Plan Ahead for Military Moving
Anyone who has moved knows how stressful it can be. And if you are in the military, moving is a regular part of your life. Most military families move every 2 to 3 years. That means that your family is going through a pretty stressful event every few years. The more moves you have under your belt, the more efficient you become. And being organized will make military moving 10 times easier. As soon as you get orders or receive hints that you might be making a permanent change of station (PCS), start planning.
You will be allotted a maximum allowable weight for your household goods. That maximum is based on your rank and number of dependents and needs to be kept in mind whenever you are doing military moving. The government will not pay for anything beyond that limit. So once you know you are moving, start sorting through your house and figuring out what you no longer need. Have a garage sale or donate things to an organization on base or in your community. Lots of other families do the same military moving dance that you are doing and many of them need household items when they are new to the base. Once you have narrowed your household items to only the things you want to keep, part of your military moving burden has already eased up.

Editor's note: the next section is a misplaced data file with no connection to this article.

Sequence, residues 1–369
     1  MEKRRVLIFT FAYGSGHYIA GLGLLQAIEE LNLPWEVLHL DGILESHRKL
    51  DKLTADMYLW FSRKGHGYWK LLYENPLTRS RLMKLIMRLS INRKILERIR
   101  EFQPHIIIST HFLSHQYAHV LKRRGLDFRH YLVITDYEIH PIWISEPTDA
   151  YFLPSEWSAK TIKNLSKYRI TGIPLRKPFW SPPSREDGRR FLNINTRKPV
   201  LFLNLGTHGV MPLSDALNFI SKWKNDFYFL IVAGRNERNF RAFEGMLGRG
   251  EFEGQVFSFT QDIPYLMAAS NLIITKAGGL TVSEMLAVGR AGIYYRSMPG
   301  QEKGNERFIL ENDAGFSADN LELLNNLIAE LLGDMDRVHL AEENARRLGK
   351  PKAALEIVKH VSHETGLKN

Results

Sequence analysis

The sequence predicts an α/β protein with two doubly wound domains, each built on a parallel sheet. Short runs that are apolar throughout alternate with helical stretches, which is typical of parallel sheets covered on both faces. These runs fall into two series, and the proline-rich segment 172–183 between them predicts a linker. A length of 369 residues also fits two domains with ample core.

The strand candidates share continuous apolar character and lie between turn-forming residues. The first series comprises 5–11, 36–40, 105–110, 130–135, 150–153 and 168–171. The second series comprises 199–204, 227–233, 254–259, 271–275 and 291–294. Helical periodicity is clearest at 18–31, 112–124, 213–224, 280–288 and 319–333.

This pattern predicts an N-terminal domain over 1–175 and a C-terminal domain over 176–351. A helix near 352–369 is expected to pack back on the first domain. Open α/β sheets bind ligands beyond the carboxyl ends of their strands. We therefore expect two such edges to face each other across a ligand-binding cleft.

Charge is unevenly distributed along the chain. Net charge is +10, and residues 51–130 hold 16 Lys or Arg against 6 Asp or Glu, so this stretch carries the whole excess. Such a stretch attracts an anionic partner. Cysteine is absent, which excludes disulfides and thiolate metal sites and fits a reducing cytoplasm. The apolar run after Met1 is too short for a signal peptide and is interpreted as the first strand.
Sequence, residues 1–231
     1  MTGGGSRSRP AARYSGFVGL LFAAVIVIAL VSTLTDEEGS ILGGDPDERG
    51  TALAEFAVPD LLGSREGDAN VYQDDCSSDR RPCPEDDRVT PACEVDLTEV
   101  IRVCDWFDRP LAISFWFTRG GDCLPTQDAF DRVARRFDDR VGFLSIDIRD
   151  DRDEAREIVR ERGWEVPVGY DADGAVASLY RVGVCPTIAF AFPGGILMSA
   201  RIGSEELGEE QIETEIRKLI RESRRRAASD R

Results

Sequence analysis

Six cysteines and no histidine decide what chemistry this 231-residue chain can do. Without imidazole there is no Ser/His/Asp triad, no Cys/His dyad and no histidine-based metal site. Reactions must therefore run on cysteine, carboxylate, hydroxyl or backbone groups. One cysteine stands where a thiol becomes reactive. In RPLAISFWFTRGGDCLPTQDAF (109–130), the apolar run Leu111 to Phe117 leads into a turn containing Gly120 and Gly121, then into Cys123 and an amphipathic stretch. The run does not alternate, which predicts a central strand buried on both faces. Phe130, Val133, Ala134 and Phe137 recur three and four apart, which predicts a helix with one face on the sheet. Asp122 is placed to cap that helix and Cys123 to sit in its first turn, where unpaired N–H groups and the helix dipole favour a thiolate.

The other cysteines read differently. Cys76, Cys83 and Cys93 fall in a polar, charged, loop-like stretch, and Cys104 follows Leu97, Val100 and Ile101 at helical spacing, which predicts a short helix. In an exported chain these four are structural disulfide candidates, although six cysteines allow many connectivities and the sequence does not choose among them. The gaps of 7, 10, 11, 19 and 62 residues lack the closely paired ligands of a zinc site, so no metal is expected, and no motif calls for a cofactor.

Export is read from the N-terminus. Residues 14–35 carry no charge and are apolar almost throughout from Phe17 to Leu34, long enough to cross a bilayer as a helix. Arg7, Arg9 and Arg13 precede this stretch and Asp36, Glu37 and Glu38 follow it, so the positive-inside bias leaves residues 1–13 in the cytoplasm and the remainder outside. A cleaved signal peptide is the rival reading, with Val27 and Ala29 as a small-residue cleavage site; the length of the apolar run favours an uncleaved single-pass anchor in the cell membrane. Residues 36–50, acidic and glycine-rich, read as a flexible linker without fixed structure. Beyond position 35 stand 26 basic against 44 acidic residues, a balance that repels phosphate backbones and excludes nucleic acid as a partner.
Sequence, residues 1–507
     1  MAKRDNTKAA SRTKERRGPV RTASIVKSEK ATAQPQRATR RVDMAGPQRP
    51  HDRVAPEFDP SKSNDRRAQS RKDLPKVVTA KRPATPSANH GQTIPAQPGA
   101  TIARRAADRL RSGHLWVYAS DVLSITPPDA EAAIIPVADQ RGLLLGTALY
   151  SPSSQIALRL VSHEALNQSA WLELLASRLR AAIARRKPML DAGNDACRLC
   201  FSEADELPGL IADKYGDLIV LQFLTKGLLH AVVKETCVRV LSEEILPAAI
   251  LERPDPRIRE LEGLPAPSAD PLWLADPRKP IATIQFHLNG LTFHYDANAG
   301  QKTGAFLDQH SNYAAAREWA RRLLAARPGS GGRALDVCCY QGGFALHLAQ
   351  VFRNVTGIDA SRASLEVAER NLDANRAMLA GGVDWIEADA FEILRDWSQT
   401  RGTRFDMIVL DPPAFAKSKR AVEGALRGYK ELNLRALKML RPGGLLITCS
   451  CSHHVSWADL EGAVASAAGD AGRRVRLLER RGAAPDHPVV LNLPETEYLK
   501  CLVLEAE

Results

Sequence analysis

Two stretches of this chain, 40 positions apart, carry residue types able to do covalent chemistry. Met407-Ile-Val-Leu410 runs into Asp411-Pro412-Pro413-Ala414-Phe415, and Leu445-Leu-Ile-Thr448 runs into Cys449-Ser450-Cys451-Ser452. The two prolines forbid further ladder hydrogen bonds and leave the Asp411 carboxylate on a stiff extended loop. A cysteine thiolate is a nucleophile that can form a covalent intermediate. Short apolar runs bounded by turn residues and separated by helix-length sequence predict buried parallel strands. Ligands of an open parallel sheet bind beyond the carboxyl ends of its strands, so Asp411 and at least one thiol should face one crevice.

The next thing you want to do is make sure your rental or household insurance is current and that your insurance provider knows you will be moving. Many policies will cover your goods should something happen during the packing, moving out or moving in phase. In most cases, it takes a lot less time to make a claim with your personal insurance company than through the government if something is lost or damaged. Find out exactly what your policy covers and ask if the company has any special policies that are good in military moving situations.
It is then time to come up with your own military moving checklist. Make sure you include everything from researching and contacting moving companies (if you are doing a DITY move) to transferring school and medical records. Take some time to think through the moving process and the personal needs of your family, and write it all down on a checklist. It will be a sound reference for you to follow when things start to get hectic. While military moving can be stressful, you can ease the burden by being organized and planning ahead.